This Week in The Civil War, for week of Sunday, April 8, 1862: Shiloh's fallout. War's first anniversary.
Union Maj. Gen. Ulysses S. Grant sends troops in pursuit of Confederate fighters retreating after the battle at Shiloh, or Pittsburgh Landing, in Tennessee. But a feisty Confederates rearguard led by Nathan Bedford Force thwarts the Union pursuit, allowing the secessionists to slip away. It is a difficult week for the Confederacy as word of their loss at Shiloh reaches Richmond. The news for the secessionists stands in glum contrast to celebrations one year ago this week in the South. The first shots of war were fired April 12, 1861, at Fort Sumter in South Carolina. That Confederate bombardment _ and the subsequent Union surrender of that federal garrison at Fort Sumter _ kicked off wild celebrations on April 14, 1861 in Charleston. A year later, euphoria has given way to the grim reality of the deadly grind of war. Shiloh's two days of pitched fighting end with more than 23,000 men killed, wounded or missing on both sides _ the bloodiest battle in U.S. history at the time and a portent of big battles to come. The Associated Press reports Shiloh's outcome in an April 13 dispatch, reporting "the beginning of the fight on that day was a total surprise" for the Union as Confederates attacked _ "many officers and soldiers being overtaken in their tents and slaughtered or taken prisoners." The dispatch notes the Union attacked back the second day of Shiloh "and the rebels soon gave way." It adds one captured Confederate prisoner told officers the Southern fighters were told a Confederate victory "was a sure thing" and that "they could not fail to capture Grant's army."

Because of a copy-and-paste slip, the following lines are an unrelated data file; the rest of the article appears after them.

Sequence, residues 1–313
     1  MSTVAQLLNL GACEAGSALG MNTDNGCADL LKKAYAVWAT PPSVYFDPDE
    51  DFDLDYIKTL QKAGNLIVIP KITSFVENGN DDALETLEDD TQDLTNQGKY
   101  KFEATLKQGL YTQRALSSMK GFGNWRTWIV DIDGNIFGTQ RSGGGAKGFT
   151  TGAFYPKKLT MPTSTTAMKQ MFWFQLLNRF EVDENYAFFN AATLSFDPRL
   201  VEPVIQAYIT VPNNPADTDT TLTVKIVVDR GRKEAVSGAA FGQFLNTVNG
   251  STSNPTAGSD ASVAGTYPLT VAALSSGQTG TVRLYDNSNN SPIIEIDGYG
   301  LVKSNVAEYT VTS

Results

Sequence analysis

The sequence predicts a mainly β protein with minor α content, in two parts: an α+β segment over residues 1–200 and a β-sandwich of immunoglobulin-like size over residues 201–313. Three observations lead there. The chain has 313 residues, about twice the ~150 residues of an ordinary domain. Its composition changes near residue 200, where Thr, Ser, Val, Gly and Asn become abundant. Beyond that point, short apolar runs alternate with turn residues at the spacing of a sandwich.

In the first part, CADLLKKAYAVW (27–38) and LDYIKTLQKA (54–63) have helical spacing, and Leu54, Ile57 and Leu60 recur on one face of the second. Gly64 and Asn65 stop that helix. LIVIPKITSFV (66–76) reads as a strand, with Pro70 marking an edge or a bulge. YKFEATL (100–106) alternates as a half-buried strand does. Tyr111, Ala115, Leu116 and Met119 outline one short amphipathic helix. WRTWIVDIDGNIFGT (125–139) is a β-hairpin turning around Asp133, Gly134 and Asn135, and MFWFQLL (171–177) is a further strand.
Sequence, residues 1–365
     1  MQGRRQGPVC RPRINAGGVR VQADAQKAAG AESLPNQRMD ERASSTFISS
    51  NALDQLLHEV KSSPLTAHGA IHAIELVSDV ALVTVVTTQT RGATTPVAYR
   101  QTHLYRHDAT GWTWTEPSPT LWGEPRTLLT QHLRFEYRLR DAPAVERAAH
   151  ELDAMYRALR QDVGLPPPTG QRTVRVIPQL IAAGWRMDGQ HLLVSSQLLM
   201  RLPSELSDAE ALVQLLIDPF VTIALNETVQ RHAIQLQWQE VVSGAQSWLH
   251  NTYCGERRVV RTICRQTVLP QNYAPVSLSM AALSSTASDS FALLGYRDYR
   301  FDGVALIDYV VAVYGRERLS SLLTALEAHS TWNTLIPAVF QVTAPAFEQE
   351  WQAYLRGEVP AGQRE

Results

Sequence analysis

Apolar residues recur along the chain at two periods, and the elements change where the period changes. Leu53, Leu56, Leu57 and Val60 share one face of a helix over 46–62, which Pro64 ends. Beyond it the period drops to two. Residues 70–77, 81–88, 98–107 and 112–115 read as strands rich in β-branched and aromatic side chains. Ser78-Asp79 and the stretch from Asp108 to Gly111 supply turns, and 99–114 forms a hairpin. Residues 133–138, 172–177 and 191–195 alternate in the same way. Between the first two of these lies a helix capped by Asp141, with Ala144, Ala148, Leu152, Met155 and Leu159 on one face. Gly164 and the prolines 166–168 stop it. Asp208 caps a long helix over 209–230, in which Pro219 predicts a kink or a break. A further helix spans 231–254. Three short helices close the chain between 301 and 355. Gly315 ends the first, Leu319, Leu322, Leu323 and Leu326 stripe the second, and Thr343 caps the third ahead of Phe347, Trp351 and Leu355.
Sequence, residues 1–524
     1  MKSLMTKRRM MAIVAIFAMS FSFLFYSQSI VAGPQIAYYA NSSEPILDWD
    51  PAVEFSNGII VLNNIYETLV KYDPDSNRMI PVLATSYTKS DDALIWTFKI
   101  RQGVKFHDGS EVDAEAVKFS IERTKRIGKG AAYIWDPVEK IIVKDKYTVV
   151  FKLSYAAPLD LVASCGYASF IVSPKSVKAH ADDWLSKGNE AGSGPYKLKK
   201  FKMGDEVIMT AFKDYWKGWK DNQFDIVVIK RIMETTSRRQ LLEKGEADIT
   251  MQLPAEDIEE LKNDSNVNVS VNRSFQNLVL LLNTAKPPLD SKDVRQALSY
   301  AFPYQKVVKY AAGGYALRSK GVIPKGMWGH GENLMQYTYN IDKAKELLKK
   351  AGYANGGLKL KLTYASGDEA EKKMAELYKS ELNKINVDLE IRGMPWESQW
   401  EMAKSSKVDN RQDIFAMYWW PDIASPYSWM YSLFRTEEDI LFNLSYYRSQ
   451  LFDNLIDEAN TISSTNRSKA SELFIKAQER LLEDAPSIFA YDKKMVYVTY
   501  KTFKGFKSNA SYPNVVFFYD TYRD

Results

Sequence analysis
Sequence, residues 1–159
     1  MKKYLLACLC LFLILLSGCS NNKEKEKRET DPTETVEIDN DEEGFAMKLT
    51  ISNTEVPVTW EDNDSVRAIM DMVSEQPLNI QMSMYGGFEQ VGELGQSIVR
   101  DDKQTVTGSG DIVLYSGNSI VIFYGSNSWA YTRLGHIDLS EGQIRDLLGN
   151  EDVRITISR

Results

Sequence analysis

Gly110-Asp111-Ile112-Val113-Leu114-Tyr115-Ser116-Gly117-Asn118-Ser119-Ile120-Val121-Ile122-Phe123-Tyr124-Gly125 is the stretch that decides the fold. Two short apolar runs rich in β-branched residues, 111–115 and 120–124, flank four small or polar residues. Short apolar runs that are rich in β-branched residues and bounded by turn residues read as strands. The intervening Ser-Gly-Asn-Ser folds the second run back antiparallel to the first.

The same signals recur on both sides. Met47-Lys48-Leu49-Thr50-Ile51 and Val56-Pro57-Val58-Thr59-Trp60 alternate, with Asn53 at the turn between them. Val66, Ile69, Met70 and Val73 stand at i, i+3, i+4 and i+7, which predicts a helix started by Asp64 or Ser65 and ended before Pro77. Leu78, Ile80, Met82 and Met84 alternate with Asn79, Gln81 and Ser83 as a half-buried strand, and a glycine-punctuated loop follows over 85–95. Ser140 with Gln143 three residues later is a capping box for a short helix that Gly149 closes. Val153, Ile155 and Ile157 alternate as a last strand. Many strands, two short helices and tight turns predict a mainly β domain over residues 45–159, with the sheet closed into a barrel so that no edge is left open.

This Week in The Civil War, for week of Sunday, April 15, 1862: Lincoln's early emancipation move.